Dimples on Golf Balls
A boundary layer is the layer of fluid (gas or liquid) next to a moving surface (wall) where the fluid transitions from zero velocity at the wall to the free stream velocity away from the wall. By inducing a turbulent boundary layer at an otherwise laminar boundary layer speed (determined by the Reynolds number), the detachment (separation) of the boundary layer from the wall is delayed, thus reducing drag.
Drag force is considered an unavoidable nuisance, always opposing the direction of travel through a fluid. For example small drag decreases in passenger airplanes translate into substantial fuel cost savings, but for golfers...priceless.
If the laminar boundary layer is unlikely to separate, e.g. low speed flow over a wing at low incidence, then inducing a turbulent boundary layer will not reduce drag and will actually increase it.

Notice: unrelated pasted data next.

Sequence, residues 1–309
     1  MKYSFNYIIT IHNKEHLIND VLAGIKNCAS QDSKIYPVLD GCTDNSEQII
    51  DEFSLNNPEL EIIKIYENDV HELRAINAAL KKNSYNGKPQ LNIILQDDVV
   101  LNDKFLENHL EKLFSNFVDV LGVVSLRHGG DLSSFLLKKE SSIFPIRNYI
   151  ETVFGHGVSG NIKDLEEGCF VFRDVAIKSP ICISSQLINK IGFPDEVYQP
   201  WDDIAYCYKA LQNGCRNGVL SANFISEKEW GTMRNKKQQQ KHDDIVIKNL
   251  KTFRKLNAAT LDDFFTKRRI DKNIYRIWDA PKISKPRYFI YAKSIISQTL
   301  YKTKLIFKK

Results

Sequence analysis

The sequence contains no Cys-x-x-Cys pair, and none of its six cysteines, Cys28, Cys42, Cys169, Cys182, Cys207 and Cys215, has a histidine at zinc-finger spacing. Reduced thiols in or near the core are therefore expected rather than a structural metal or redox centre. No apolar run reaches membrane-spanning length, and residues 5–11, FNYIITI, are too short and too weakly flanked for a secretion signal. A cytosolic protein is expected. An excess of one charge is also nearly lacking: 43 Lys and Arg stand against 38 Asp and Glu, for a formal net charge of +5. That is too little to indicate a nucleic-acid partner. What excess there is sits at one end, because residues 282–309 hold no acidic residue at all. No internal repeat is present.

Flow around a sphere of golf-ball size and moving through the air at golf-ball speed will always separate with or without spin. The combination of the size and speed of a golf ball doesn't allow a turbulent boundary layer to develop naturally. Thus without dimples the laminar boundary layer will separate earlier inducing more drag than the dimpled, and therefore turbulent, version.
Recent blog posts
- Fluid Wrist Watch v2.0
- Caedium v5 Sneak Peek: 3Dconnexion 3D Mouse Support
- Caedium v5 Sneak Peek: Enhanced Accuracy Tool
- Questionable Approach Reverse
- Counterintuitive Usability With The Questionable Approach
- CFD Performance Comparison Between GPU and CPU
- Aerodynamics News: Speed on Wheels and Snow
- Caedium v5 Sneak Peek: Ribbon GUI
- Caedium v5 Sneak Peek: Polyhedral Meshes Improve CFD
- Fluid News: F1 Construction, Hand Washer-Dryer, Superomniphobic Coating, and Robofish